Study: Autism behaviors can be reversed in adult mice
- Research shows autism-related social deficits can be corrected in adult mice, but repetitive behaviors can only be reversed earlier in life.
- If the findings translate to humans, a broad range of patients may benefit if scientists develop breakthrough therapies.
DALLAS – Oct. 24, 2018 – Scientists have long wondered about a point of no return for autistic children – the stage in life when their brains would not benefit from a newly discovered treatment.
New research in mice indicates the window for recovery may be quite lengthy, extending from infancy well into adulthood.
A study by UT Southwestern tested a therapy that reversed social impairment in adolescent and adult mice with autism-related behaviors. The surprising finding – assuming it translates to humans – portends a broad range of patients who may benefit if scientists develop breakthrough therapies.
“The concern I hear from parents is whether it’s too late for their children, or will a medication discovered in 10 or 15 years still be able to help them,” said Dr. Peter Tsai, who led the research from UT Southwestern’s Peter O’Donnell Jr. Brain Institute. “This study tells us there may still be time.”
The research – the cover story of an October edition of Cell Reports – involved treatment of mice with tuberous sclerosis complex (TSC), a neurodevelopmental disorder associated with autism rates approaching 50 percent. By administering a medication that normalizes cellular changes caused by a genetic defect, researchers found that social impairment can be corrected even when treatment was started as an adult. However, the repetitive behaviors that are characteristic of autistic patients could only be reversed much earlier in life.
Dr. Tsai said the results would need verification in clinical trials to establish whether they are applicable to humans. Although trials would focus initially on TSC patients with autism, the results could solidify the idea that autism in general is treatable in both children and adults.
“This study provides preliminary evidence that even later treatment might provide benefit,” Dr. Tsai said. “We could make a world of difference for patients even if we’re only able to rescue difficulties with social interaction.”
The research adds to growing data indicating critical time periods for treating neurodevelopmental disorders. Dr. Tsai’s team published a study in 2017 showing that neuromodulation can also fix social impairment in mice later in life but not repetitive behavior. Together, the studies suggest that various approaches might be beneficial for certain autism behaviors into adulthood. The findings also demonstrate potential limitations even for therapies that target the underlying causes in genetic disorders.
Autism spectrum disorders are estimated to affect as many as 1 in 59 children in the U.S. They are characterized by social interaction and communication challenges, and restricted and repetitive behaviors. These behaviors can include repeating words or phrases, or physical actions such as rocking, flicking, or pacing.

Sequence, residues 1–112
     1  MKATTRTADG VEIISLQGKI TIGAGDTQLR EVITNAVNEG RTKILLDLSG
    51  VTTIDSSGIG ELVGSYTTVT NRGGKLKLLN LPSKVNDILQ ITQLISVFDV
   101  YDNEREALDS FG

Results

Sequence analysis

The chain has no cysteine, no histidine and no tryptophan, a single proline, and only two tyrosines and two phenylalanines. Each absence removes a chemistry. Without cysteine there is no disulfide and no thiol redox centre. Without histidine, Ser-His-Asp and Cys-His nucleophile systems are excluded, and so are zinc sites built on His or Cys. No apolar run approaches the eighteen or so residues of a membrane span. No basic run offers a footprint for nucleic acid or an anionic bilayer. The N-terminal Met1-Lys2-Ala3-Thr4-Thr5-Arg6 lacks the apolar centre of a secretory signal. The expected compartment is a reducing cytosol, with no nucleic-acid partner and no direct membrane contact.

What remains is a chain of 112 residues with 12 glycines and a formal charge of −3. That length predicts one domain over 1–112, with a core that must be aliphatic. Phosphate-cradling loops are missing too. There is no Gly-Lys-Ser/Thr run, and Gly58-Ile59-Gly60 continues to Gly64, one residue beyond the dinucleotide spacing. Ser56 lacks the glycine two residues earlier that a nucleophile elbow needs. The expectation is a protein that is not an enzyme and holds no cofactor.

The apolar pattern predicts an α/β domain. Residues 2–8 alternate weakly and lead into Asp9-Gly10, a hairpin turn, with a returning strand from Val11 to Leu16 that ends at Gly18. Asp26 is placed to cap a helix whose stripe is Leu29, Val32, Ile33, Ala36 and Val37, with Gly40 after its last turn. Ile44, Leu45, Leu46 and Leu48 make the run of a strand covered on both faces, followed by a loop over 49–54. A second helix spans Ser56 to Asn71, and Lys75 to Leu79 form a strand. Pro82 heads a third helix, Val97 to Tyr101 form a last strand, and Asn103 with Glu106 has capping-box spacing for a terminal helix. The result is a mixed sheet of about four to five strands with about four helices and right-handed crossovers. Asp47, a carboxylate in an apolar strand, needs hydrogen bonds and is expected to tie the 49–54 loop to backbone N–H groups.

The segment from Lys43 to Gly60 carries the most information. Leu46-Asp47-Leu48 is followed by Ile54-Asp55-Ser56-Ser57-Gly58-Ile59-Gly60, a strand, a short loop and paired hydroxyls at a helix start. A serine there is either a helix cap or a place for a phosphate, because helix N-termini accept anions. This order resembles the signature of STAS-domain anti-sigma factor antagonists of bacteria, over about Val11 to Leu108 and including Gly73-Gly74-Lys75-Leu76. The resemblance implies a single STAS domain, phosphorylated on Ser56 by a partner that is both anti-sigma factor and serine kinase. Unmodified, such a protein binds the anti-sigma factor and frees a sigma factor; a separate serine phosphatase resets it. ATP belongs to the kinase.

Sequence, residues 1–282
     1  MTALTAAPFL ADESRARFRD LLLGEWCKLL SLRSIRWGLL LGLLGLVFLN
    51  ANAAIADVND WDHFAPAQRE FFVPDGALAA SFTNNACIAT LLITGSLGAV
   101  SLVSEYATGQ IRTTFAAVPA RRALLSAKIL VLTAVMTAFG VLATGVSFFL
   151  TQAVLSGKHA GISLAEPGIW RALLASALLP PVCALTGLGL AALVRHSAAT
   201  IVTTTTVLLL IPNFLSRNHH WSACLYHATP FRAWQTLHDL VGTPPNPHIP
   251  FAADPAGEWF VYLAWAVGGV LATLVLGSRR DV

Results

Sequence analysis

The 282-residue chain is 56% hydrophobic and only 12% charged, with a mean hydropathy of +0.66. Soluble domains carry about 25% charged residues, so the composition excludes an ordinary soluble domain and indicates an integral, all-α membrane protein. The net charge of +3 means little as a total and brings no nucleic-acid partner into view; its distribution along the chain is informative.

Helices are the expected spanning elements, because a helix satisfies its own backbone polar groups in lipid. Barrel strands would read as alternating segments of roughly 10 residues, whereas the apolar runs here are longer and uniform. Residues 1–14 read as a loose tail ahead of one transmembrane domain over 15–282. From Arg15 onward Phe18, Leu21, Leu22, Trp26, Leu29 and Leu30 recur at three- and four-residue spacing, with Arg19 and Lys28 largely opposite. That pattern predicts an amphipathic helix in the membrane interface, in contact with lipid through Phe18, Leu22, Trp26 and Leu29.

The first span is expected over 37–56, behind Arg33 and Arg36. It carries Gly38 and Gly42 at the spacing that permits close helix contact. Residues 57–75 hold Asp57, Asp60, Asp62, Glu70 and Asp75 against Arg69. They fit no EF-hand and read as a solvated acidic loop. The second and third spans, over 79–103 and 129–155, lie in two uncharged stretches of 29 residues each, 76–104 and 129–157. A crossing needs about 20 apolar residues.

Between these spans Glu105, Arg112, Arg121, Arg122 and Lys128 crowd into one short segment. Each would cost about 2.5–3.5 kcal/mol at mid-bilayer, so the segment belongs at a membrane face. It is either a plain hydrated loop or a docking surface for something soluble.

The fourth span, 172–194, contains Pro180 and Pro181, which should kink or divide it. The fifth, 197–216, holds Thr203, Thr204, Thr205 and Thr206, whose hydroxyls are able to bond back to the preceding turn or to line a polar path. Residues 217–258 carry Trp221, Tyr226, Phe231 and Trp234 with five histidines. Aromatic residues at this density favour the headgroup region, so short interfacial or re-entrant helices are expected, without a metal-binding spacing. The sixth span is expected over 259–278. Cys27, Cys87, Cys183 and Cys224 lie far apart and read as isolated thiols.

While current interventions such as speech and behavioral therapy aim to manage these symptoms, few treatments exist that can correct autism-related behaviors on a molecular level. Rapamycin, the medication used in the new study, is commonly used for immunosuppression in organ transplant patients. It has also been used in TSC patients to suppress symptoms such as seizures.
But scientists have struggled to develop treatments that would benefit a larger autism population, in part because they don’t have a full understanding of the potentially thousands of genetic and non-genetic factors that can cause neurodevelopmental disorders. The most common known gene defect behind autism only accounts for about 2 percent of all cases.
“The mechanisms behind autism are immensely complex,” Dr. Tsai said. “Once we better understand the many underpinnings of the condition, we can develop treatments that target those genes. And as we have shown in this study, when that happens, hopefully even adult patients can benefit.”
About the study
Dr. Tsai, Assistant Professor of Neurology & Neurotherapeutics, cares for children with autism and cerebellar disorders as part of the Center for Autism & Developmental Disabilities, a joint program between UT Southwestern and Children’s Medical Center Dallas. He collaborated on the study with Harvard Medical School, the University of Toronto, and the Hospital for Sick Kids in Toronto.
The study was funded in part by the Nancy Lurie Marks Family Foundation, the Hearst Foundation Inc., the National Institute of Neurological Disorders and Stroke, Boston Children’s Hospital, the Translational Research Program and Intellectual and Developmental Disabilities Research Center, the Canadian Institutes of Health Research, Ontario Brain Institute, and Brain Canada.
About UT Southwestern Medical Center
UT Southwestern, one of the premier academic medical centers in the nation, integrates pioneering biomedical research with exceptional clinical care and education. The institution’s faculty has received six Nobel Prizes, and includes 22 members of the National Academy of Sciences, 16 members of the National Academy of Medicine, and 15 Howard Hughes Medical Institute Investigators. The faculty of more than 2,700 is responsible for groundbreaking medical advances and is committed to translating science-driven research quickly to new clinical treatments. UT Southwestern physicians provide care in about 80 specialties to more than 105,000 hospitalized patients, nearly 370,000 emergency room cases, and oversee approximately 2.4 million outpatient visits a year.